Absentee ownership is an unheard of thing, so far as Wolverine is concerned. The management of the concern is entirely local. Practically all of the stockholders live in the towns of Rockford, Cedar Springs and Greenville. 90% of the stockholders are employees of the corporation. No directors meetings have been held in bank offices on Wall Street or Fifth Avenue.
By industrial and sociological standards, resident ownership and resident management of industry are rated as positive community factors on the right side of the ledger. The firm rigidly adheres to the policies which have weathered the acid test of time and hard headed experience.
Transient and fleeting fads have never taken a foothold, yet, traditions as such, are not maintained as relics of hallowed history. The entire group of about 900 men and women who comprise the Wolverine organization are thoroughly convinced of the value of cooperative effort. These three factors are frequently pointed out as three very important factors in the progress and viewpoint of the corporation and at the same time form the background of the pattern which will help in guiding the future activities and development.
Rockford's population growth has been almost insignificant. After 100 years we have perhaps 1800 people within the corporate limits. This is a very low ratio compared with Grand Rapids and Muskegon which were founded at about the same time. But, there's no complaint!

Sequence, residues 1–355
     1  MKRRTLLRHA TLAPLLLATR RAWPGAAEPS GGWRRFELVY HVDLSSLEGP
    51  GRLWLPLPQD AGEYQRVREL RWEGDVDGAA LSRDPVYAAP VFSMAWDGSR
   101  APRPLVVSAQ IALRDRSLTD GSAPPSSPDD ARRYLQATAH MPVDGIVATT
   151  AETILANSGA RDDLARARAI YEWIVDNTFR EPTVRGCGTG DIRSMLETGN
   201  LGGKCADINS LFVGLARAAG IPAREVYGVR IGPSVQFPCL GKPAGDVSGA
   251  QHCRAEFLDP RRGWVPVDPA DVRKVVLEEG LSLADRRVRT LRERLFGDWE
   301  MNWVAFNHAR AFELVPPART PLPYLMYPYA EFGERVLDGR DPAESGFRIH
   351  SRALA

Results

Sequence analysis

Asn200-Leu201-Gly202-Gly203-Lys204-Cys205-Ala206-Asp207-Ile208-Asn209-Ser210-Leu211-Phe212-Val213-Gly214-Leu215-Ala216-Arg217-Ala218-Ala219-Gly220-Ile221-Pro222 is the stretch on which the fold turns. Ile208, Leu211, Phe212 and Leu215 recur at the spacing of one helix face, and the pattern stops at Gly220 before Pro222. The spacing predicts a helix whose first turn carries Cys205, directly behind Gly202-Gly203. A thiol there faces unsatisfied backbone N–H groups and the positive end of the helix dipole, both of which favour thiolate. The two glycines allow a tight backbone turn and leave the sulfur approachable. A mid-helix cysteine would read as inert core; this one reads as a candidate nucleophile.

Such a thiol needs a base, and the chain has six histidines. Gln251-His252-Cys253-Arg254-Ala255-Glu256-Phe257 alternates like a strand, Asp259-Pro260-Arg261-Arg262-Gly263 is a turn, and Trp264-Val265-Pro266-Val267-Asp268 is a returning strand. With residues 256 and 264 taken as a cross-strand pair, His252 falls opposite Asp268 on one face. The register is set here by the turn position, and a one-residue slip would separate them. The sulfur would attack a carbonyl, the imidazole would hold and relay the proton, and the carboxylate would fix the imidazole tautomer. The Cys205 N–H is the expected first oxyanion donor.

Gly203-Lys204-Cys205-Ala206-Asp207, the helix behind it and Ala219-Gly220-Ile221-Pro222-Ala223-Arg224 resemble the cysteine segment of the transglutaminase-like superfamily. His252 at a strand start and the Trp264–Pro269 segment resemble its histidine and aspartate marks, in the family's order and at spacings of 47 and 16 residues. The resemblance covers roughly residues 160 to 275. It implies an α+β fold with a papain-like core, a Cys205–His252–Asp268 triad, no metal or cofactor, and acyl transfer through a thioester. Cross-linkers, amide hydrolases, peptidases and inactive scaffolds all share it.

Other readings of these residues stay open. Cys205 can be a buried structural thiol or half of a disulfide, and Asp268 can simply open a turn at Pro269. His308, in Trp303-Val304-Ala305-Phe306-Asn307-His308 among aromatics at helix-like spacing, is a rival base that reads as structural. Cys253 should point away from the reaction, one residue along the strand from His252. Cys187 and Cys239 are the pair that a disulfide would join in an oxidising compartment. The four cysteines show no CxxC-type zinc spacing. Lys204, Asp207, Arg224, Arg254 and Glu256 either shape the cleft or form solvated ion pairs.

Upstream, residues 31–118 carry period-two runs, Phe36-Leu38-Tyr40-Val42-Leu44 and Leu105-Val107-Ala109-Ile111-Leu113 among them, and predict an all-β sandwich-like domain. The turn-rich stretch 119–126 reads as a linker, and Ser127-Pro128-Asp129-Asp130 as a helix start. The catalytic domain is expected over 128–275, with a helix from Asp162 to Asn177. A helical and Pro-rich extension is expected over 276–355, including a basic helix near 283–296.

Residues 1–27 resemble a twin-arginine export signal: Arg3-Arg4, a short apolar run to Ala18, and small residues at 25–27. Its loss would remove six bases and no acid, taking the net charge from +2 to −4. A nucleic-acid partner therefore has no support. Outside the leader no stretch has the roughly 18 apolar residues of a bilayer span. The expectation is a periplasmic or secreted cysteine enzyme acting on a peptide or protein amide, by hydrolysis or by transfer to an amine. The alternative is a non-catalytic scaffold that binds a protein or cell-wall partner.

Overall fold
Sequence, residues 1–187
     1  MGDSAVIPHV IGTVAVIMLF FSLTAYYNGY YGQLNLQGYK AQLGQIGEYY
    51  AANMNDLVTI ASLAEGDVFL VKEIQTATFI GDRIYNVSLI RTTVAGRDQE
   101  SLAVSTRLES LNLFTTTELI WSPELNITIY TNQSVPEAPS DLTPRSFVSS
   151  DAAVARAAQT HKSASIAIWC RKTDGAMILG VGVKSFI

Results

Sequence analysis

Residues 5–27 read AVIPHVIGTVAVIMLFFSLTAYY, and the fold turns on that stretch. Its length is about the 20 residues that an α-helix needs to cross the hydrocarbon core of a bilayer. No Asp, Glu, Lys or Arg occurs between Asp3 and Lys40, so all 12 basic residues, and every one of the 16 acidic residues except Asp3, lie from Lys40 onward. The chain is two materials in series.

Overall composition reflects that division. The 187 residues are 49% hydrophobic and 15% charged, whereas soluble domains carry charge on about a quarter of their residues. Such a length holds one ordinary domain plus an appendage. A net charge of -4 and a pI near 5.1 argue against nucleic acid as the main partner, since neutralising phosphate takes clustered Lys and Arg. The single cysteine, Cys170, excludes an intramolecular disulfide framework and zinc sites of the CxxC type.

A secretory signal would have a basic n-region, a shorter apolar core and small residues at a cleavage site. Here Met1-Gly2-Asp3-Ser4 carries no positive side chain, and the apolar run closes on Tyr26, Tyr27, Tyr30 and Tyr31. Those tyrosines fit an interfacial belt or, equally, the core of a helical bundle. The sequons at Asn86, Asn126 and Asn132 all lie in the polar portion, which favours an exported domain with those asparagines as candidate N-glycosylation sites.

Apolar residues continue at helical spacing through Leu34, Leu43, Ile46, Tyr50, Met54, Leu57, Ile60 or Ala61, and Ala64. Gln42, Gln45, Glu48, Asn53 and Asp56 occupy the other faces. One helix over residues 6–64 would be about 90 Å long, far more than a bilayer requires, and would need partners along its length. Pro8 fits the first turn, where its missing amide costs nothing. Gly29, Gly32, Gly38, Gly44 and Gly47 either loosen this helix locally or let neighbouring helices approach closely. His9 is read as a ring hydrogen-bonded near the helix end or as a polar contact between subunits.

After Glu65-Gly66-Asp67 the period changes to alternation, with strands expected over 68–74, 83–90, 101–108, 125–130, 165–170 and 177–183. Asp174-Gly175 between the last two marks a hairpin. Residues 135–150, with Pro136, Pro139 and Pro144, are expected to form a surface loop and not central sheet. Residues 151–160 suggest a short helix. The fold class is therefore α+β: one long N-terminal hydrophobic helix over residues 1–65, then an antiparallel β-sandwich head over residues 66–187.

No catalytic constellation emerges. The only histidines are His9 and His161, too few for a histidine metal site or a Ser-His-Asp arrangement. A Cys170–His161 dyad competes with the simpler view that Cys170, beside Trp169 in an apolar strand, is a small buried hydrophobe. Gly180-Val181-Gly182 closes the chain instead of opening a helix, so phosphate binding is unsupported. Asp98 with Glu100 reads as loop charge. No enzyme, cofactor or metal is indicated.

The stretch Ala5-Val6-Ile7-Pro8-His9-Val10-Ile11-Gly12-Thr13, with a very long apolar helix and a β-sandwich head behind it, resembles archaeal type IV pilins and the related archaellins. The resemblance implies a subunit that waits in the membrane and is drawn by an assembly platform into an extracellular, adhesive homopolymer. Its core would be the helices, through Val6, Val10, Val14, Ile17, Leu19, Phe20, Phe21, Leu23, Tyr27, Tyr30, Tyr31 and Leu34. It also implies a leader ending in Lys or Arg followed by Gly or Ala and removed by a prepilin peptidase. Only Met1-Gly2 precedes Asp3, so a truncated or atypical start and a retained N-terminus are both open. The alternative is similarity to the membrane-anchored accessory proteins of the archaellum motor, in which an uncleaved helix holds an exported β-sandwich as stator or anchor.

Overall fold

Rockford is a town where the local industry has fifty paydays every year, even during the darkest days of a black depression. Rockford is a community of home owners and the surrounding section is an area of farm owners. We enjoy good health, friends and leisure. Our lawns and gardens are well kept. Our churches and schools are alert and progressive. The physical improvement of our city property and city service is much beyond the average town of 1800 population. In Rockford we are better circumstanced than shoe-makers in St. Louis, or tanners in Boston. We take pride in our interest in the well being of youth. We believe we are forward looking and optimistic and we are thoroughly convinced that the common good is the good of all. In Rockford we have as many minutes in an hour and as many days in a week as they have in the big overgrown population centers. We have hills, woods, lakes and streams. We have ribbons of concrete that wind over the hills and twist through the valleys to the land of heart's desire. Wolverine's history is nothing more or less than the thoughts, feelings and emotions of the men and women who make up the present day organization. They do not go out to clear the land or build bridges, but their interest in health and security and the welfare of their children is as strong, and perhaps stronger than that of the first band of white settlers 100 years ago. True, they do not go out to borrow a basin of hominy from a neighbor or sit up all night with a sick friend, as in pioneer days, but their neighborly feeling and their sympathy and good wishes are just as genuine. Men and women in industry have not lost the human touch. They are generous and friendly; they are honest and sincere. Satisfaction may be gained by living and working in Rockford. The essential history of the Wolverine Corporation is revealed in this simple, yet, all-inclusive test.
Transcriber: Jennifer Godwin
Created: 5 February 2000